How I Finally Stopped Worrying about My Children

Brooke Cooney

This Temporary Home
Updated Aug 15, 2014
How I Finally Stopped Worrying about My Children
As parents, we only get one shot at protecting our children, but after we have done all that we can do we must trust God.

Numerous times during pregnancy with my first child I thought, When the baby is safely delivered, then I won’t worry so much about her health because I will see her and know she is okay. Oh boy was that misleading logic! A few weeks after her delivery, she slept through the night for the first time. Half-way through that same night my husband and I were in her room, worried if she was okay—was she still breathing?  It is referred to as sleeping like a baby for a reason. The only people who didn’t rest well were the worried parents!

Parents like control. Scratch that, people like to control. Somewhere along the way, humankind convinced ourselves that so long as we can watch events unfold and control our environment then nothing bad will happen.


My daughter is now six years old, and I am sad to say my control issues have not entirely subsided in my first six years as a mother. I no longer check on her or her brother nightly to make sure they are breathing, rather,  I check on them to steal kisses and enjoy the fleeting years that I have of knowing exactly where they are and whom they are with and that they are safe.

Recently I had a teaching opportunity in my church that took months of preparation. The week that my teaching time approached, my husband was out of the country on a mission trip--to a communist country with no communication no less. As if that wasn’t enough stress, I also decided to let my kids go to a half-day gymnastics camp. Let it be known: I homeschool. Our children have only been under the care of either me, family, responsible baby-sitters we trust, or the church nursery staff. Half-day camp at a public venue was a big step.

We were familiar with the facility and staff, I had vetted them through other church friends whose children attended camp in the past, and everything looked acceptable. The morning arrives for the kids to go to camp and for me to go to Panera and prepare.

I literally felt sick with worry.

The tragic what ifs started rolling through my mind and I was scared to death to drop my kids off at a half-day camp. They were thrilled, but I was sick with worry—and guilt; guilt that if something bad occurred in my absence it was because I wasn’t taking care of them in our home where they were almost sure to be safe. I know that isn’t a guarantee, but it is at least what I like to think.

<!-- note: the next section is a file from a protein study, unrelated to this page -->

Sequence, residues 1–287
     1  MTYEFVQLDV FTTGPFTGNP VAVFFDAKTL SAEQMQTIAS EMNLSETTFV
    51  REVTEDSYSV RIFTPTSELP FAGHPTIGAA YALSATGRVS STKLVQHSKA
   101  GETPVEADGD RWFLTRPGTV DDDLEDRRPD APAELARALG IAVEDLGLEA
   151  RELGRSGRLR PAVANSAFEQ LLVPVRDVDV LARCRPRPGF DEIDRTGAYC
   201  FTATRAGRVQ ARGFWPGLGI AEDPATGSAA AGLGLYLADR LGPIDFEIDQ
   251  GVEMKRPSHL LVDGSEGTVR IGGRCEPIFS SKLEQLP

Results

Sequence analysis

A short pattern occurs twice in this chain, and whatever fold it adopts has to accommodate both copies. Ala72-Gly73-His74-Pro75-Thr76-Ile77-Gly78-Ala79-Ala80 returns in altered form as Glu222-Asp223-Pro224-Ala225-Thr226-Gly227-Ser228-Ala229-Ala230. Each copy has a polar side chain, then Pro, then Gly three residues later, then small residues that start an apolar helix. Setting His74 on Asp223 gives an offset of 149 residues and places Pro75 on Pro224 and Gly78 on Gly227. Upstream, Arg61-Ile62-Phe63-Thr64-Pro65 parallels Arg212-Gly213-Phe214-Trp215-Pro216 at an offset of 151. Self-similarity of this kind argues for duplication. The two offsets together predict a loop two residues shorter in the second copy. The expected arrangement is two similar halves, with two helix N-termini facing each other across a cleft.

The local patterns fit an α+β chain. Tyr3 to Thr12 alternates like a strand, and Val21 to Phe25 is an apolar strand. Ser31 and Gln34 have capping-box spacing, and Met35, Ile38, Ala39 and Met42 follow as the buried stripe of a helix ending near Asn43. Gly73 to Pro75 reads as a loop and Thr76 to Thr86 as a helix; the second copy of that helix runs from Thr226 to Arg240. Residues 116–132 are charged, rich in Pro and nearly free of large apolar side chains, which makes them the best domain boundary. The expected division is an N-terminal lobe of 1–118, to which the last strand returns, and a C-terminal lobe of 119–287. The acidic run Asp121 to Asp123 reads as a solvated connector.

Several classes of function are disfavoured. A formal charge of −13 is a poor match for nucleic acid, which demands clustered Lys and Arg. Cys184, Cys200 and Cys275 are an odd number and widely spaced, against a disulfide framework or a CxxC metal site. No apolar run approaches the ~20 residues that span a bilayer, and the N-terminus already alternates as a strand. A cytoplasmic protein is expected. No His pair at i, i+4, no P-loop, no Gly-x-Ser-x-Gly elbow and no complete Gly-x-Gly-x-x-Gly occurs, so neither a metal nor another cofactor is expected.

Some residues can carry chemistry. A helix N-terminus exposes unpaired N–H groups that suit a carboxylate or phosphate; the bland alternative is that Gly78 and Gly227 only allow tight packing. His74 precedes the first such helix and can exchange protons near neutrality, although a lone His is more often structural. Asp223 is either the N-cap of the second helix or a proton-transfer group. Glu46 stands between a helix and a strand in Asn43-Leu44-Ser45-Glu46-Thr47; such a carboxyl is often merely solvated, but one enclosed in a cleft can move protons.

I texted friends who reassured me and told me they were praying. Their children are much older than ours and they hesitantly reminded me that it never gets easier to let go.

It seems we have either experienced the worst case scenarios and consequently fight the daily post occurring, what if’s, or we simply worry about the pre-occurrence worst case scenarios and pay the price physically, emotionally, and relationally. We misguidedly believe that our worry and subsequent aim to control our environment and the people within our environment only affect us, but the truth is, it affects all those we come in contact with.

How many times have you been around a worrier and felt your blood pressure and heart rate rise? Or, how many times has a well-intentioned worrier nagged you about a physical condition that is obviously nothing, but they choose to fear the worst WebMD diagnosis in your future that is imaginable? Or, maybe, if you watch a home recording of any kind you will see that you have met the worrier and the worrier is you!

The media and degenerate society we live in do not help our already eager tendencies to worry. With the summer news reports of dry drowning’s, SIDS, shootings, and violent protests around the globe, it is easy to see we live in times of turmoil and war. Are you feeling less worried yet? Hang in there—we are almost to the remedy.

I love how pastor and author Craig Groeschel phrases our worry, which he equates with distrust in God, in his book, Christian Atheist, “there’s really nothing you can do about a nonexistent worse-case scenario.” Pastor Groeschel goes on to say that “worry becomes a signal alerting us that it is time to pray.” (See Philippians 4:6-7, 2 Timothy 1:7, and Matthew 6:25, 33-34)

Worry should lead us to prayer. (Philippians 4:6-7)

That morning, I practiced self-control over my worry and pressed on to Panera. In so doing, I accomplished much in my research and preparation for the class I was to teach. Thanks to the prayers of friends, and my personal obedience to hand my worry over to God in prayer, I enjoyed my soy-vanilla latte and the quite time that ensued void of worry. Moreover, my children enjoyed their morning at camp. If I had let worry or guilt cripple me to believe the lie, out of sight means out of safety, my children would have missed out on an opportunity to grow.

As parents, we only get one shot at protecting our children. I get that. We must complete due diligence in order to protect them and provide safe learning and playtime environments, but after we have done all that we can do we must trust God. Period. There will always be what ifs that we can chew on, but ultimately whether tragedy or triumph He is sovereign over our circumstances and is faithful to see us through whatever consequences we face in a fallen world.

I can choose to trust Him or I can choose to worry. It comes down to letting go of total control, because total control doesn’t exist outside of a scientific laboratory. Anyway, last time I checked, we are not raising lab rats. We are raising young men and women to put their faith and trust in Jesus, and follow Him with wholehearted devotion.

Brooke Cooney is a pastor's wife, mother of two, and foster-mom of one. To capture the eternal in the everyday, she blogs about family, faith, and lessons along the journey at